Why Won't People Sit Down?

Why has the urge to stand at concerts and sporting events become so contagious?

Posted Jun 01, 2018

I’ll start by saying I enjoyed myself at the recent Pink concert in May in Denver. She’s a terrific talent and her combination of high-wire flying — literally soaring over the crowd at the Pepsi Center, upside down, in a cool sparkly silver suit — all the while singing, is unmatched by many other performers. It was like a mixture of music, dancing, and Cirque du Soleil.

We paid more than a few bucks for the tickets — $600 for two — and the seats were in a great location, facing the stage, in the rear row of the first tier, just above the ground floor. All good so far.

The opening act was a DJ mixer guy named @KidCutUp, and he played a fun selection of 80s and 90s tunes that the mostly older crowd (my age down to late 30s) seemed to really enjoy.

The problem came as soon as Pink hit the stage and the people all around us stood up. Not having been to a big show for a few years, I stupidly assumed the crowd standing around us in their seats would sit down after her first song, or at least by the second. No. They stood for the entire two-hour show. Not having legs of steel and possessing a bad back and a hip that will soon need replacement, at some point I had to sit. That meant I watched the majority of her otherwise fine show looking between two people as they stood and swayed back in forth in front of me.

I tried to be patient, and I certainly didn’t want to make a scene, and I didn’t. But, the tickets were expensive and I wanted to see the concert from my seat, along with the other 20,000 people there. But most of them — at least in my section — chose to stand and that made me have to get up a lot, just to watch what was otherwise a great show.

Contrast that concert to us seeing Elton John in Las Vegas three years ago. He was performing at the Colosseum Theater inside Caesars Palace. The show was rocking good fun, as he played all his hits. The biggest difference, of course, is everyone in the area stayed in their seats, making it possible for everyone to see the show equally.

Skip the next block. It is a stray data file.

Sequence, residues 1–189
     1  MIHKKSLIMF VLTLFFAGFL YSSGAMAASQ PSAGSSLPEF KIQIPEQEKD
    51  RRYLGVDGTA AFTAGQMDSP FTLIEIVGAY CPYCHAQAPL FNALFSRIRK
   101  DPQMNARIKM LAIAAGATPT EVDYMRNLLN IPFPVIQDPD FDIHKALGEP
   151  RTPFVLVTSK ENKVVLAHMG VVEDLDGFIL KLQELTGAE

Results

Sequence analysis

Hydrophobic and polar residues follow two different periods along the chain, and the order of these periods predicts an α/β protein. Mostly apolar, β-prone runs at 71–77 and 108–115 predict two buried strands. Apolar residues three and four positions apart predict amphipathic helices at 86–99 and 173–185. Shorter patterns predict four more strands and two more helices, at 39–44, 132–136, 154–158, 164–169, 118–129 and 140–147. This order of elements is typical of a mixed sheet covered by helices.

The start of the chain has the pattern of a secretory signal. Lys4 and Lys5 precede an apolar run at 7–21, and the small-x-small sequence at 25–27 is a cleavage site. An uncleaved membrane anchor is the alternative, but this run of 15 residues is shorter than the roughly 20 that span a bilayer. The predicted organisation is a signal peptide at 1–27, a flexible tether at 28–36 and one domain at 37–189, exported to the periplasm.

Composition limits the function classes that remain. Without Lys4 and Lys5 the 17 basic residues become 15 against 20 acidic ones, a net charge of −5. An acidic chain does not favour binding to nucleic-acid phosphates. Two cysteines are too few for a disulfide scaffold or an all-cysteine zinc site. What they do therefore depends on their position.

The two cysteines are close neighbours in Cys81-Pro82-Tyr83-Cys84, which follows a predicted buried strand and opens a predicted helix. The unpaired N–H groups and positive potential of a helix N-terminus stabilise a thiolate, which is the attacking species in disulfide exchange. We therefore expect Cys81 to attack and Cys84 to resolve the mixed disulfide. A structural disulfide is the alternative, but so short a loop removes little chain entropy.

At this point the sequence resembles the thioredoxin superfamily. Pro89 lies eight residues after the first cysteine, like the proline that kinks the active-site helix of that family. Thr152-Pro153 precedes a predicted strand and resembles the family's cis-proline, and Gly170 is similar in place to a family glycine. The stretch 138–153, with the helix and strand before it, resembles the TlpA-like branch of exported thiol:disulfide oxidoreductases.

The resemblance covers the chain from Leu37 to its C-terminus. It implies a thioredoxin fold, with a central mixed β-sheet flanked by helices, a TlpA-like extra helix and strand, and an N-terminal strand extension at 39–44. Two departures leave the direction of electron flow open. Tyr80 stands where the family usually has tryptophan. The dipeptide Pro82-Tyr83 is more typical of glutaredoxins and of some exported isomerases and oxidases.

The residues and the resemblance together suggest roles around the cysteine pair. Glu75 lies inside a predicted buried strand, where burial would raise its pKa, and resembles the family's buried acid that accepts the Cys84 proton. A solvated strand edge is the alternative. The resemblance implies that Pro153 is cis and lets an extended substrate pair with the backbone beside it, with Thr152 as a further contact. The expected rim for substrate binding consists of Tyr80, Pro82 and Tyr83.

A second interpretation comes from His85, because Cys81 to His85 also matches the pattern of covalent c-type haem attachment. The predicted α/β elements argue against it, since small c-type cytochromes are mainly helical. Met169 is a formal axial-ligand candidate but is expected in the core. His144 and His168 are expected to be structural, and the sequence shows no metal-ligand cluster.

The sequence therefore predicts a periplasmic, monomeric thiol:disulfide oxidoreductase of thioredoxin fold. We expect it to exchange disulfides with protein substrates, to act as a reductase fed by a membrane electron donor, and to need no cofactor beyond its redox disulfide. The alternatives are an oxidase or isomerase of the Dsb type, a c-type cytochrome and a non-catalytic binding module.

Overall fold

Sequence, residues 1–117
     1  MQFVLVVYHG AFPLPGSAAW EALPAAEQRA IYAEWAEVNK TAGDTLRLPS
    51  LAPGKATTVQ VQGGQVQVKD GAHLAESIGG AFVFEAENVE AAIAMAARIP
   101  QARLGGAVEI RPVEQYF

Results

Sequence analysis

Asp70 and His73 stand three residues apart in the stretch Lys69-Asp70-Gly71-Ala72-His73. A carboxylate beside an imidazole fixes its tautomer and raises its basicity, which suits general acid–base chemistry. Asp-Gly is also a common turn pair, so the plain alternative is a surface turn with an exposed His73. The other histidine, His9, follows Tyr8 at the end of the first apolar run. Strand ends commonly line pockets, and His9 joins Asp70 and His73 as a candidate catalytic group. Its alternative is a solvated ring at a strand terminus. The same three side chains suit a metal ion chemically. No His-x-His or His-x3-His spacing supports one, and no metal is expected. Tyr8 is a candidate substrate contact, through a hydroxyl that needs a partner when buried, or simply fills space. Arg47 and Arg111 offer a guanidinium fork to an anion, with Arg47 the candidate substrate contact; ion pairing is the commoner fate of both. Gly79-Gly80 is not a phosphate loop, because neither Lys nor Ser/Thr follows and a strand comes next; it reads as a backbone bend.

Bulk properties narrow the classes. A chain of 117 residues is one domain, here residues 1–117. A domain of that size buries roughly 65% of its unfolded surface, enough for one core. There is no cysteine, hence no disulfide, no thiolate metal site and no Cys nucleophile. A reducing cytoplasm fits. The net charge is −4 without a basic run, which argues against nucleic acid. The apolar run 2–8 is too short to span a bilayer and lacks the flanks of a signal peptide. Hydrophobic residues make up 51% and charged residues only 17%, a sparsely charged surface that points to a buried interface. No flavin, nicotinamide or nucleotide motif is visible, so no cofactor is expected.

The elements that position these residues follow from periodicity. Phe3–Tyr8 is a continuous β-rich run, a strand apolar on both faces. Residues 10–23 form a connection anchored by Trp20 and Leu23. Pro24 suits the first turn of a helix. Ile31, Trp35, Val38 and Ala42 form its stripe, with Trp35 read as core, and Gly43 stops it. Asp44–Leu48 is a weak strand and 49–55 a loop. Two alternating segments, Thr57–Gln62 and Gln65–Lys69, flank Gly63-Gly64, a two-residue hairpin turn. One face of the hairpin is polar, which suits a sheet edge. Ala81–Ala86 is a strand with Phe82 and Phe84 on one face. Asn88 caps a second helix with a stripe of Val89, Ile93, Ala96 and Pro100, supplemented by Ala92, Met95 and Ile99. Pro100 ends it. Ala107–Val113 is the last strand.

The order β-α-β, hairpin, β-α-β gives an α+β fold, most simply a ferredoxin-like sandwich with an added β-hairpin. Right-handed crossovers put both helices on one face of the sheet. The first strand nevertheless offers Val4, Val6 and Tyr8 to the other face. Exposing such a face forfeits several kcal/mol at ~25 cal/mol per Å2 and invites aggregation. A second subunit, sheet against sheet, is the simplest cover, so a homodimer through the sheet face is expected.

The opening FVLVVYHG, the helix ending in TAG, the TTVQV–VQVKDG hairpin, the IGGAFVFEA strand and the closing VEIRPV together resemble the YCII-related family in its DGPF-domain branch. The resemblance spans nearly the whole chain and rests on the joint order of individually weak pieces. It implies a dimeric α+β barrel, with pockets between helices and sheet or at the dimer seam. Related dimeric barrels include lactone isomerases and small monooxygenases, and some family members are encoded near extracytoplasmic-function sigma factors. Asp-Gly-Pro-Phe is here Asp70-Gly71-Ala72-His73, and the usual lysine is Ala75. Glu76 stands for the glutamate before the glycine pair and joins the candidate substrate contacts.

I can put up with people loudly singing along (usually pretty badly) and dancing to the music (usually a little better than they sing). I don’t even mind it when they take videos with their cell phones. (I’m comforted in the knowledge that they will come out grainy, with horrible audio, and garner 11 views when they post them on YouTube.) It’s even kind of cool when people turn on the flashlight function on their phones and wave them around, like we did with cigarette lighters back when I was watching Billy Joel, the Cars, Huey Lewis, and Steely Dan.

Same problem, different place: my attendance a few years ago at an NFL game between the visiting Detroit Lions and the then-still-in-San-Diego Chargers. Same expensive tickets and same problem as with the Pink concert: everyone stood the entire game. I get it when people stand for the kickoffs and after an exciting play or certainly when your team scores in football, hits a dinger in baseball, slams it home in basketball, or puts the biscuit in the basket in hockey or soccer. Please stand and scream your lungs out when it’s time to do so at the event; I do too. Sports and concerts are exciting and fun and a socially-connecting event among people who like the same things you do.

But — and here it’s always hard not to sound like Grandpa Albrecht from this point forward — can we agree as a civil society that standing for the entire show or game is something most people don’t like? They know they can’t ask the 150 people around them to sit down. Unless they’ve had a few beers, most people feel uncomfortable telling one person to sit down who stands in front of them (or keeps talking or texting at the movies; another place I rarely go. Don’t get me started on that.). As such, they either tough it out like I did (and complain later, on the trip home) or stand up too. Neither feels all that good, socially or physically.

I get why people stand when they are on the ground floor of a concert arena or at the lowest field-level rows at the football game; it’s so they can dance around, or see over the players’ heads, or approach the stage. That’s fine; I didn’t pay for those types of tickets because I know the drill there. But when I’m in a regular seating row with you, can we all stay seated until it’s time to get up and cheer and clap and yell, and then sit down again, so we can all see the same thing, together?

I’m guessing the short answer is no.

That’s’ probably why I’ve watched my last live NFL game and my last concert. Does this ring true for you? Does it bother you when people block your view the whole time? Or do you stand up at concerts and NFL games too?

Sitters of the World Unite! You have nothing to lose but your (probably pretty expensive) view of the stage or the field.

Dr. Steve Albrecht is the author of 18 books on business, security, and criminal justice topics. He can be reached on Twitter @DrSteveAlbrecht

Copyright Dr. Steve Albrecht

Pink flying high in Denver, May 2018.

Source: Copyright Dr. Steve Albrecht